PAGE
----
Am I the only person who hits a point around Wednesday every week where I have run out of ideas for feeding my family? I mean, do they really need to eat three times a day everyday?! LOL Of course I feed the needy little munchkins, but that doesn’t mean I don’t get burnt out of the endless ‘what’s for dinner?’ battles. I was talking to a friend the other day and she was shocked that I – a dietitian with a nutrition & recipe blog – gets sick of making meals. And I was equally shocked that she would think I wouldn’t!
I don’t care how much you love food, or cooking, or even eating…. we all hit a point once in a while where we need a break. And when I start to feel this way, I rely on one secret weapon …. my slow cooker. I know InstantPots and AirFryers are all the rage, but I will always stand by my simple, cheap, one button slow cooker. I can make so many meals in it pretty effortlessly. And since they practically cook themselves, it frees me up to do all of the other thousands of things on my to-do list (except laundry…I will still pretend I am far too busy to fold clothes for as long as I can).
Why family meals are so important
So here’s the deal. As easy as it would be to give my kids a bowl of cereal for dinner and plop them in front of the TV to eat it when I am feeling burnt out, I try to avoid that as much as I can (trust me…I can’t say I don’t ever do this, but I try to limit it). Dinner time to me is family time. It’s a time where we catch up on our day, spend quality time together, and hopefully eat the food that I have made together.
Dinner with a kindergartner, a toddler, and a baby definitely isn’t stress free. And sometimes it isn’t even enjoyable. But I know the difference eating together as a family can make. Research has found that just by eating dinner together as a family your child will be 35% less likely to engage in disordered eating, 24% more likely to eat healthier foods, and 12% less likely to be overweight. Pretty amazing right?! It makes picking up all of that food off the floor worth it 😉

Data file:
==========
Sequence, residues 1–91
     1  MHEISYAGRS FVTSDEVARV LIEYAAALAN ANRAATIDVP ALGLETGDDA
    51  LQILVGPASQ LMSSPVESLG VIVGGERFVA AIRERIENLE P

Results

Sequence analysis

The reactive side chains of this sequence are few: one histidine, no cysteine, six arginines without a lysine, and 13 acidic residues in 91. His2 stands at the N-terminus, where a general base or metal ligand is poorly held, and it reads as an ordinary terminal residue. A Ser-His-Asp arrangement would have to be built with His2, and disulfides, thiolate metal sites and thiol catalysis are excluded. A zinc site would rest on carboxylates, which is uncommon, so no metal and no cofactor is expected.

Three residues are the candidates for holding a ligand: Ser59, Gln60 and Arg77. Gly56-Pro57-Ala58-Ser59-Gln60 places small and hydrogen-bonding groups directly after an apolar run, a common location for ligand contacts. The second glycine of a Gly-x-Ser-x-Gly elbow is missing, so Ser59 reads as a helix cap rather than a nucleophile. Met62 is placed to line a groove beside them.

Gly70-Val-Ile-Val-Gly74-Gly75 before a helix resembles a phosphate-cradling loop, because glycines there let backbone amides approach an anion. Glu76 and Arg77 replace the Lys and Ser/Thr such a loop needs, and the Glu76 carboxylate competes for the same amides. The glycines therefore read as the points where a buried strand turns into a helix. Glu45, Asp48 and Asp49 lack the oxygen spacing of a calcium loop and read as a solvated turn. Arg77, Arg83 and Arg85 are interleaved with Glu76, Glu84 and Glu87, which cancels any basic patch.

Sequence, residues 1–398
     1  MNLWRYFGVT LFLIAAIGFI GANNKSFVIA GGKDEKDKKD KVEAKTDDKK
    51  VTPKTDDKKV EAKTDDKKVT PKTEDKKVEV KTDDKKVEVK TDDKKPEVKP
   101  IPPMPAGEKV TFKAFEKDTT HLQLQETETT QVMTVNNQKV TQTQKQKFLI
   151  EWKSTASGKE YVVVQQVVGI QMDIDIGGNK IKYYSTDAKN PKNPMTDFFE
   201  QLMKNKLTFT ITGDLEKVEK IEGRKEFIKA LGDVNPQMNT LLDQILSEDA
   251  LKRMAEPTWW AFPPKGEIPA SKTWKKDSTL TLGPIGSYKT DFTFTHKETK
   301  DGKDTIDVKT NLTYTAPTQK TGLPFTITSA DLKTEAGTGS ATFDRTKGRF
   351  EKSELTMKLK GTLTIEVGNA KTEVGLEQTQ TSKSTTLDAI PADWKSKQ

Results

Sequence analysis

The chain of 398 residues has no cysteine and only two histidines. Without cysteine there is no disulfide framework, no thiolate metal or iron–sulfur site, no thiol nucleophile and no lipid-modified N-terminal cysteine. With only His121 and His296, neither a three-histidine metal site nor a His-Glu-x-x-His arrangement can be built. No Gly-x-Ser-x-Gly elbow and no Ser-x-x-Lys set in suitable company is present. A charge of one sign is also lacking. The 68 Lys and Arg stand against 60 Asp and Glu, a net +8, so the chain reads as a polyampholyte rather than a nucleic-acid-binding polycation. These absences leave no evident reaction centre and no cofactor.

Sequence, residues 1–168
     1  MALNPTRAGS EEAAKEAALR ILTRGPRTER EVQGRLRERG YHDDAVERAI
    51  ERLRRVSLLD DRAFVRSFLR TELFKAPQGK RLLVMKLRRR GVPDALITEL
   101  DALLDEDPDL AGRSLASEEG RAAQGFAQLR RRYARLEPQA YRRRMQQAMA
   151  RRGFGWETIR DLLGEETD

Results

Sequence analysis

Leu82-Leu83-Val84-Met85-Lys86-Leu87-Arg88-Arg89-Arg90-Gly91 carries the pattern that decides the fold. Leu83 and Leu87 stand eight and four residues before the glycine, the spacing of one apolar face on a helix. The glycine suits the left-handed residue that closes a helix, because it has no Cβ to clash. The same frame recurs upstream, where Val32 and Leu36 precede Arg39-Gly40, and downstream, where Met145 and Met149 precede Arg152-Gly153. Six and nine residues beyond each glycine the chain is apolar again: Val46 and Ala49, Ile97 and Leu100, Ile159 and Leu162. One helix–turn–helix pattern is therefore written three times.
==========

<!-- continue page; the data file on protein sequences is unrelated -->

The Four Components of a Healthy Dinner
To help me plan out meals for my family that are nutritious, but also ones that don’t take a ton of effort to make, I use a specific formula. All of the family meals I aim to make include four parts: lean protein, produce, healthy fats, and whole gains. This helps to ensure the meal contains a variety of nutrients. And it also helps to make sure the mean has multiple options, because I know at least one family member will choose to eat only one food and secretly pretend the vegetables are invisible. But just having those other foods on hand and being exposed to them overtime will help to reduce those picky eating habits.
Adequate dietary protein is an essential part of a healthy diet. Proteins serve many critical roles in the body. For instance, they act as the building blocks to muscle tissue and also help to regulate appetite and stabilize blood sugar levels. But high fat animal proteins, such as sausage and bologna, are rich in saturated fats, which may have a negative impact on overall health. Although a good source of protein should always be provided at dinner, you should try to have it come from either a plant based source or a lean animal source. Options such as fish, chicken breast, eggs, beans, and lentils are all great sources.
Grains provide a significant source of energy to our body, but you need to take care when selecting grains that you are choosing 100% whole grain options. Refined grains contain little fiber and often have nutrients removed (although they are sometimes added back later on). Whole grains, such as brown rice and whole-wheat wraps, are rich in filling fiber along with B vitamins such as folic acid, helping to promote overall health and steady levels of energy.